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Home >> China
UPDATED: 21:18, April 26, 2007
Chinese lawmakers demand prompt reporting of animal epidemics
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Chinese legislators are trying to hold central government departments accountable for prompt and accurate reporting of animal disease epidemics as they debate a new draft amendment to the country's nine-year-old law on animal epidemic prevention.

"In addition to effective preventative measures, the government should also be required to release prompt information to the public regarding animal epidemics," Wang Guilan, a lawmaker from northeast China's Heilongjiang Province, said.

The draft amendment, which was tabled at the ongoing 27th session of the Standing Committee of the 10th National People's Congress, is aimed at preventing future animal epidemics and lowering their social and economic impact.

It demands a prompt and transparent reporting system, saying all government agencies, businesses and individuals must immediately report outbreaks of animal diseases to veterinary departments.

To ensure transparency, the draft also requires the State Council's veterinary department to report promptly outbreaks of animal diseases to relevant army organizations, international organizations and trade partners.

But in terms of reporting information to the public, the draft only says that the veterinary department under the State Council has the power to release information or entrust veterinary departments at the provincial level to do so.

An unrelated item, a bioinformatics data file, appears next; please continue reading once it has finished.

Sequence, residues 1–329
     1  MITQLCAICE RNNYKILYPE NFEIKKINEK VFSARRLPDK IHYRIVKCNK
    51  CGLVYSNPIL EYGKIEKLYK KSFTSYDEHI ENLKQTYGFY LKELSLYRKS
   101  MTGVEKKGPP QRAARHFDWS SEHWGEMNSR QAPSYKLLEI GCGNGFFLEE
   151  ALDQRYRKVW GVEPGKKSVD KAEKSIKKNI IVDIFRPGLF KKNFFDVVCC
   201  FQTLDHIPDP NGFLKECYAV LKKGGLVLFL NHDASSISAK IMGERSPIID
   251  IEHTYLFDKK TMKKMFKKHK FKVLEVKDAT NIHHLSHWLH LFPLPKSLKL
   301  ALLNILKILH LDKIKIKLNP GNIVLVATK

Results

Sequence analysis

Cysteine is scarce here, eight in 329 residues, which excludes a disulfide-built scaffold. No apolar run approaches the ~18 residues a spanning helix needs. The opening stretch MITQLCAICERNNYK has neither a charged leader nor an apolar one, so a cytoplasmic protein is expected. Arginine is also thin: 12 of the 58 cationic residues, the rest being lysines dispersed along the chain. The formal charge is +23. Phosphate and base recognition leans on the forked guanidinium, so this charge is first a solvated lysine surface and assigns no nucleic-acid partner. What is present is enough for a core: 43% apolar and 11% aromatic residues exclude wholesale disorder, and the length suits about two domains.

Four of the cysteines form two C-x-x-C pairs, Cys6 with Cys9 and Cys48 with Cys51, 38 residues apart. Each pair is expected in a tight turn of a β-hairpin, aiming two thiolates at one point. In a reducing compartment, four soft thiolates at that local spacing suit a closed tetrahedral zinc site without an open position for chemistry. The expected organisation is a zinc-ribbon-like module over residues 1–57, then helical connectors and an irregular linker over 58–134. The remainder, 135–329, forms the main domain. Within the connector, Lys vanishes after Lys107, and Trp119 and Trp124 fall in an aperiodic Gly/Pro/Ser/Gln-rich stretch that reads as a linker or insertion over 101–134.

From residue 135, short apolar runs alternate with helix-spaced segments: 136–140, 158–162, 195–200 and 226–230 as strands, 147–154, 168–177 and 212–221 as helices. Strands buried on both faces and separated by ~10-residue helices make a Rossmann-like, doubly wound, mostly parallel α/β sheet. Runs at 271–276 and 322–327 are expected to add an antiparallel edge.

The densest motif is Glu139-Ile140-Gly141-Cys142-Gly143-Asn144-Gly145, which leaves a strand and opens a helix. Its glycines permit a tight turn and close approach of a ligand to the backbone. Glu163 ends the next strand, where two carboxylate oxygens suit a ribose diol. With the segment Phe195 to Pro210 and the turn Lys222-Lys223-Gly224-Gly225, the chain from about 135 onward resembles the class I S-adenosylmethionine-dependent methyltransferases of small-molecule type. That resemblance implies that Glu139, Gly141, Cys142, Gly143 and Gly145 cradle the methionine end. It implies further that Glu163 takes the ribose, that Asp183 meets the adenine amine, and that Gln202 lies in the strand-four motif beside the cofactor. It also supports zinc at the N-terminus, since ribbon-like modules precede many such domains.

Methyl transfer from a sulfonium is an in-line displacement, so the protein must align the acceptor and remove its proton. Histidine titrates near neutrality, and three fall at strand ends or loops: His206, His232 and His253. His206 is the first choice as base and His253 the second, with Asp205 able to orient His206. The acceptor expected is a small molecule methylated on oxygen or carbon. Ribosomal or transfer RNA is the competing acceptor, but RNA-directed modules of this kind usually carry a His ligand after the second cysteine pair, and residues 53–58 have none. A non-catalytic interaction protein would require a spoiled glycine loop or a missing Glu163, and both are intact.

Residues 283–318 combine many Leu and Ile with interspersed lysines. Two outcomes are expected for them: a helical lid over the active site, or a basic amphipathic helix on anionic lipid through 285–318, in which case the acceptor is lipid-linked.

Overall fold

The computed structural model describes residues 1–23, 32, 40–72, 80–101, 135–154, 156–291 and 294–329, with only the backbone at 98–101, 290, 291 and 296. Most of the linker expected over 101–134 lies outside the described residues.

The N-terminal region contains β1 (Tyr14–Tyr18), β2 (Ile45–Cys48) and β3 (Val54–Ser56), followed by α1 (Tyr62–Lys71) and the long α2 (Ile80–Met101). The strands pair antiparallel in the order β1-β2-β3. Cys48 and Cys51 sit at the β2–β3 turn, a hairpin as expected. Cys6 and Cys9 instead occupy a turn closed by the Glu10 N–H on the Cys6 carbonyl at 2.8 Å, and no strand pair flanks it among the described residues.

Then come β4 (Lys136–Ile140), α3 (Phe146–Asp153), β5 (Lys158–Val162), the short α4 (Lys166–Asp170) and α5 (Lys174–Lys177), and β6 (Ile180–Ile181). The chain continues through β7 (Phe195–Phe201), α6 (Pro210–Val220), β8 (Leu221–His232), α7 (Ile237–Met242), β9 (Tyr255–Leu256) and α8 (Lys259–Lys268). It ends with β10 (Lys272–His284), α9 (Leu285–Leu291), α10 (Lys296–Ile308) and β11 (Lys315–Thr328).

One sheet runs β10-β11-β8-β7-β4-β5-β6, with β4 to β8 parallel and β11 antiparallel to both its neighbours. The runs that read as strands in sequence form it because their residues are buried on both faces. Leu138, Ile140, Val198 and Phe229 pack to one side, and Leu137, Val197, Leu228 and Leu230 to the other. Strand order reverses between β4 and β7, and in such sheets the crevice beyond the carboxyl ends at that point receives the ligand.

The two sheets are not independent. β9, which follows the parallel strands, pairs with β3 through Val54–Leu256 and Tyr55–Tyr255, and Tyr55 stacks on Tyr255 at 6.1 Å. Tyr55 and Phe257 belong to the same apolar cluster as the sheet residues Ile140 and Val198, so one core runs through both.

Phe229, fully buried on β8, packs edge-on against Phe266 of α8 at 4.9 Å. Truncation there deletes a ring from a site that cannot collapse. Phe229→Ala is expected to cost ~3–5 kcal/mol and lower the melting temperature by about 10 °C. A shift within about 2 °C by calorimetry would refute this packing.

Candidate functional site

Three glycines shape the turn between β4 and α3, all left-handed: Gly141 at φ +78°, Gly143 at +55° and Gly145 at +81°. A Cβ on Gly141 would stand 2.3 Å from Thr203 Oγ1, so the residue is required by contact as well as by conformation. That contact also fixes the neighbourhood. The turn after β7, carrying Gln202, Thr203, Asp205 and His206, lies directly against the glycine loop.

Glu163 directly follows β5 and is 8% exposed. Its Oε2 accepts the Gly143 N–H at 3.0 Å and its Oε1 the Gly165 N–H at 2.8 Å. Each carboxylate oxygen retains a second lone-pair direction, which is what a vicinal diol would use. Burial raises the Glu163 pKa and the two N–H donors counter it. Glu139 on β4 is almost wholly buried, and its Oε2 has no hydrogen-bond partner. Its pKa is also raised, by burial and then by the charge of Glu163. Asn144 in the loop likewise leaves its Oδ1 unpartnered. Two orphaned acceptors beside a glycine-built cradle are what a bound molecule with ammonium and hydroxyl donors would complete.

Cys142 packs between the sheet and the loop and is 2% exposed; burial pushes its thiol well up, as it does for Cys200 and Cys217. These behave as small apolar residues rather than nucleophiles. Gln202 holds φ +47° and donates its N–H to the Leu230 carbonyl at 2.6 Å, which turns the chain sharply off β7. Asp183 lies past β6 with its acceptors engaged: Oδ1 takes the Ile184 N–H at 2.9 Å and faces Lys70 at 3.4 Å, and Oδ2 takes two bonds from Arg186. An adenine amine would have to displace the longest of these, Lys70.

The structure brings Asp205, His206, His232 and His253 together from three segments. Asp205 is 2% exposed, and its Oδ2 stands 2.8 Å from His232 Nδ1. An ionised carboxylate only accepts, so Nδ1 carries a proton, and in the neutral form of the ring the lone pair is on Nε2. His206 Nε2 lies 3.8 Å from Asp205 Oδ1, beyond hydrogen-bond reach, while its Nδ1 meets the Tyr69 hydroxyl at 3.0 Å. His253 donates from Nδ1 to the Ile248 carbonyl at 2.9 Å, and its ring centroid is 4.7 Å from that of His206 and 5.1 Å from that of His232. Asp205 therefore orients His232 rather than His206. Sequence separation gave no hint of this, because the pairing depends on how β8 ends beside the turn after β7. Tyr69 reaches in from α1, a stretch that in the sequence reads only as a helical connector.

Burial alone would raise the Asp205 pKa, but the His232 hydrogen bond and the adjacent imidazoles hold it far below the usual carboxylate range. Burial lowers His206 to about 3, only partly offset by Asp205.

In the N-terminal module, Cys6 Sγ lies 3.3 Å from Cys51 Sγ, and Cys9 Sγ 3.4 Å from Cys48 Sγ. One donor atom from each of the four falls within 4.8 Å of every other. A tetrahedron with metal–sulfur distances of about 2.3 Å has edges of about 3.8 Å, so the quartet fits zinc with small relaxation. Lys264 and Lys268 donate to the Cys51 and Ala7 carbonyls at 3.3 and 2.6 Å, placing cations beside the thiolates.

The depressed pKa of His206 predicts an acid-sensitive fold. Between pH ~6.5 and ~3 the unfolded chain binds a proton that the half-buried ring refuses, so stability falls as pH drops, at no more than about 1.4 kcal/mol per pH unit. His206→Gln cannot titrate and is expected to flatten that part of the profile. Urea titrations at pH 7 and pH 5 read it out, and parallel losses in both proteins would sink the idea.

"No other units or people should release information about animal epidemics without authorization," the draft says.

Lawmakers said these stipulations emphasize the "power" of the veterinary authorities, but ignore their obligation and legal responsibility to provide prompt and accurate information to the public.

As the world's largest producer of poultry, livestock and aquatic products, China has much to lose from outbreaks of animal diseases. It is estimated that animal diseases cost China 40 billion yuan annually.

Lawmaker Wang said the rapid expansion of China's stock-raising industry and Chinese people's increasing passion for pets had made prevention of animal diseases more difficult.

"Only when information concerning animal diseases is released to the public can transmission of animal-borne diseases be more effectively prevented and China can be stronger in the fight against animal epidemics," Wang said.

Many lawmakers also referred to a regulation newly issued by the State Council, which orders government departments to be more open in reporting information.

The decree, to be effective on May 1, 2008, says governments at various levels are required to release information which "affects the immediate interests of individuals and groups" or which "should be known by the masses", within 20 working days.

Listed as priorities by the State Council are details of how government departments plan to deal with emergencies, government spending, specific fees for public services and results of investigations into environmental protection, public health and food and drugs safety.

The Chinese authorities began to realize the importance of the timely release of official information after the outbreak of Severe Acute Respiratory Syndrome (SARS) in 2003.

Over the following year, China's top legislature revised the country's law on prevention of infectious diseases, demanding that the government provide prompt and accurate information of infectious diseases to the public.

"To protect and show respect to people's right to know, the draft amendment to the law on animal epidemic prevention should demand immediate and transparent reporting from the government," Zhang Zhijian, NPC Standing Committee member, said.

The current Animal Epidemic Prevention Law came into effect on Jan. 1, 1998.

Source: Xinhua

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